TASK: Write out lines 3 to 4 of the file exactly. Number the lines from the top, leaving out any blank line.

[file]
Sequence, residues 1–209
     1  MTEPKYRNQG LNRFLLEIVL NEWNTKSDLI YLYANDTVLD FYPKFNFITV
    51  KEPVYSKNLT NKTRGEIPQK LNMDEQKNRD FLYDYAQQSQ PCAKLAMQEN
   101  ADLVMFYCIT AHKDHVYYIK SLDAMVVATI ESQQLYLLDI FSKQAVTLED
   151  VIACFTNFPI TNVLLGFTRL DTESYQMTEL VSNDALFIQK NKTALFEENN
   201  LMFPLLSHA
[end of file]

    51  KEPVYSKNLT NKTRGEIPQK LNMDEQKNRD FLYDYAQQSQ PCAKLAMQEN
   101  ADLVMFYCIT AHKDHVYYIK SLDAMVVATI ESQQLYLLDI FSKQAVTLED